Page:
Indy council ratifies COVID orders after Legislature nullifies them with veto override

The Indianapolis City-County Council on Monday reinstated pandemic public health orders from the Marion County Department of Public Health, just a few hours after Indiana lawmakers undid them in a veto override.

The Democratic-majority council’s vote—which passed 19-5 along party lines—keeps a citywide mask mandate and restaurant capacity limits in place in Indianapolis.

The Republican-controlled Legislature met earlier Monday to override Gov. Eric Holcomb’s veto of a bill that strips local health officials of the authority to impose restrictions that are stricter than the state without first receiving approval from the local legislative body. In Indianapolis, that’s the City-County Council.

That law took effect immediately after the override vote. So on Monday night, Dr. Virginia Caine, director of the county health department, asked the council to “take swift action” to reinstate the department’s orders, warning in response to questions that the area would have essentially no pandemic regulations otherwise.

“Basically if you do not pass this proposal, we have no restrictions for Marion County,” Caine said.

Caine told the council that “throughout our COVID-19 pandemic, the Marion County Public Health Department has worked very closely with our local, state, and federal officials, as well as our partners in health, education, and the many sectors of our economy, embracing best practices and what we consider smart public health policies, while preserving and protecting our local economy to the greatest extent possible.”

“The ability to make quick decisions at a local level is very critical to protecting our Hoosiers during a public health crisis,” she said.

Some Republican lawmakers, however, have been critical of actions take by local health officials and Holcomb, a Republican, saying they restrictions have gone too far and hurt the state and local economy. The Legislature had previously overridden Holcomb’s veto of a bill that would give lawmakers the ability to call themselves into a special session during state emergencies.

In a separate bill, lawmakers took aim at local officials. In addition to Marion County, Elkhart and Monroe counties had stricter public health orders than the rest of Indiana.

Democrat and Republican councilors were at odds Monday night over who should have final say on public health orders: the county health department or the council.

“When I check our current roster, we have no medical doctors that serve on the Indianapolis City-County Council,” said Democrat Majority Leader Maggie Lewis. “Therefore, I think it’s up to us, as leaders of this community, to get behind Dr. Caine. … She’s the expert, not us.”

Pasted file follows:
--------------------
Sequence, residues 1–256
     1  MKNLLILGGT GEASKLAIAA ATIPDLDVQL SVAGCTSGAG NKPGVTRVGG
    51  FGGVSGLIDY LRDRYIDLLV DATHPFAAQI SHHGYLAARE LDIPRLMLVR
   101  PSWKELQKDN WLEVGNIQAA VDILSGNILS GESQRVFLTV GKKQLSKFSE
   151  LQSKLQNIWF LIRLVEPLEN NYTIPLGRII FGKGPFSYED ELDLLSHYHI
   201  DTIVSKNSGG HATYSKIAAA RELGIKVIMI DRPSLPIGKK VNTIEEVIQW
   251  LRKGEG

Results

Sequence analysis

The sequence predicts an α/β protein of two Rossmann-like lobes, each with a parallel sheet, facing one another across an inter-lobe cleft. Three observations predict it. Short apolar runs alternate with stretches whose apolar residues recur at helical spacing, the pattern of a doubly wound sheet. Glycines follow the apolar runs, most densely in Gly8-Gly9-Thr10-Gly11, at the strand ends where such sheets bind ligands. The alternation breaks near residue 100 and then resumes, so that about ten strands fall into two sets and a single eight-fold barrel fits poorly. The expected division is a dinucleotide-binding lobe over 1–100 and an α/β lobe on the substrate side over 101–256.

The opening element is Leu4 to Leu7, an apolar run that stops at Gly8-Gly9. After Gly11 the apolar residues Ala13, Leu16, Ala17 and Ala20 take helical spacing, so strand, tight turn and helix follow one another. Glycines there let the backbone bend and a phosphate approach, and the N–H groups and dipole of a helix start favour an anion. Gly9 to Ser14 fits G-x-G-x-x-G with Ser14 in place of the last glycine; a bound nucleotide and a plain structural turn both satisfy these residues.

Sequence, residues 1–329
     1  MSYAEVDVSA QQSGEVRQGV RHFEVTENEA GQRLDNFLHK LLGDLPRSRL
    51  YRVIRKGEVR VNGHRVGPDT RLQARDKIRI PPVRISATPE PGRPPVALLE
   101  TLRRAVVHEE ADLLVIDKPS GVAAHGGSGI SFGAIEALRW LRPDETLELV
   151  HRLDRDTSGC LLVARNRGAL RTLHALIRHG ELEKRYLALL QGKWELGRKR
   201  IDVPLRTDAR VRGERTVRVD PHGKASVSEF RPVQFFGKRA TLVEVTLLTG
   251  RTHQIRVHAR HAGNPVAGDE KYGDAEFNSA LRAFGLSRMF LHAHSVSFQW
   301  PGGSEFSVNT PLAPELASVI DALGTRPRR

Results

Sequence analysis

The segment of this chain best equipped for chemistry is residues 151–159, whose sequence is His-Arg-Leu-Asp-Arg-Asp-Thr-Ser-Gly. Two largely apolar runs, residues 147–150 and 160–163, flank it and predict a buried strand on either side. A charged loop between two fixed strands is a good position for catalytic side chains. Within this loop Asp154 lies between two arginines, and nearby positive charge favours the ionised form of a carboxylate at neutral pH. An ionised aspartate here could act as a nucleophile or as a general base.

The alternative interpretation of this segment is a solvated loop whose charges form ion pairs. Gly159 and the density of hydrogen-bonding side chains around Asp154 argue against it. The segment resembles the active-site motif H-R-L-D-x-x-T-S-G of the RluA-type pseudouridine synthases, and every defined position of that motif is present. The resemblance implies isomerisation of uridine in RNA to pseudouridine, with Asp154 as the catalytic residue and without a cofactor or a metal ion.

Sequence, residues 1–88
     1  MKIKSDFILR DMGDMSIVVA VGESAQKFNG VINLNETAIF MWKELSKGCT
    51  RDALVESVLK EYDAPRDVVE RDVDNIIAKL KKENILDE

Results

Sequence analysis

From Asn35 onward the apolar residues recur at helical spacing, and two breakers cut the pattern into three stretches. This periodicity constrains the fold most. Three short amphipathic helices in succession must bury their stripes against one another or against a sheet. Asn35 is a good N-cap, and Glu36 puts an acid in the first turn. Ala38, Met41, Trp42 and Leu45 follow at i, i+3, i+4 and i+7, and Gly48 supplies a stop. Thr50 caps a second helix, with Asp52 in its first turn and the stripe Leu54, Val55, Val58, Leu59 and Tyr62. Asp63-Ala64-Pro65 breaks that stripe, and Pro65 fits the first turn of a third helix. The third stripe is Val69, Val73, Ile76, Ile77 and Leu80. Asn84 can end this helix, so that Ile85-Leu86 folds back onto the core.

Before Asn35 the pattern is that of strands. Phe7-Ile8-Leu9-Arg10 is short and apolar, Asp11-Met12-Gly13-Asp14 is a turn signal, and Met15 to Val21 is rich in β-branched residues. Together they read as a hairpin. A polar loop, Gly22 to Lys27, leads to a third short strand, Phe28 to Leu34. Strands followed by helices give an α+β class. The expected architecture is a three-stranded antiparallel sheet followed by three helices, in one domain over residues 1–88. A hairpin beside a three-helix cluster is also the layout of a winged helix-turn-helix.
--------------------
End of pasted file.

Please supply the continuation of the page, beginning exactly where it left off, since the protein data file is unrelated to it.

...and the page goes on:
“I think the legislative branch of the city-county [government] should be the one creating ordinances, … creating guidelines. That’s not the duty of the executive branch,” said Councilor Joshua Bain, a Republican. “All we’re doing is shifting our responsibility over to the county health department.”

The council’s ratification isn’t the end of the discussion on local public health orders.

“The way these orders are set up, assuming the council approves, they’ll go back into force, and then if there’s changes, be they less restrict[ive] or they, [for] some unfortunate reason that they have to become stricter, then they come before the council again,” said Paul Babcock, president and CEO of the Marion County Health and Hospital Corporation.

The council can also rescind the measures, which Babcock said he and Caine could ask for directly when the pandemic eases.

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22 thoughts on “Indy council ratifies COVID orders after Legislature nullifies them with veto override

    1. I’ve done what I can to protect myself (vaccine) and you’re correct that everyone who wanted a shot has had one so lets stop with all the restrictions. If I remember correctly these vaccines were not necessarily to prevent you from getting COVID, but were supposed to keep you out of the hospital and from dying. I know recently of someone that had the Pfizer shots and is currently getting over a good bout with COVID but at home. Our big concern was overwhelming the hospitals causing massive deaths? Aren’t we beyond that now and can let people make their own decisions about safety at this point without having to get to zero cases and deaths.

    1. Right. Clown show. Incredibly sad they are going to damage the Indy 500 again too. Look simply to other red states for leadership. I was hoping Indiana could be a thought leader, but not with the sheep in Marion County. Watching Fulton County Stadium in Atlanta or Texas Rangers Stadium in Arlington last weekend at full capacity for MLB was disheartening. Hogsett and the City Council continue to bite the hand that feeds them.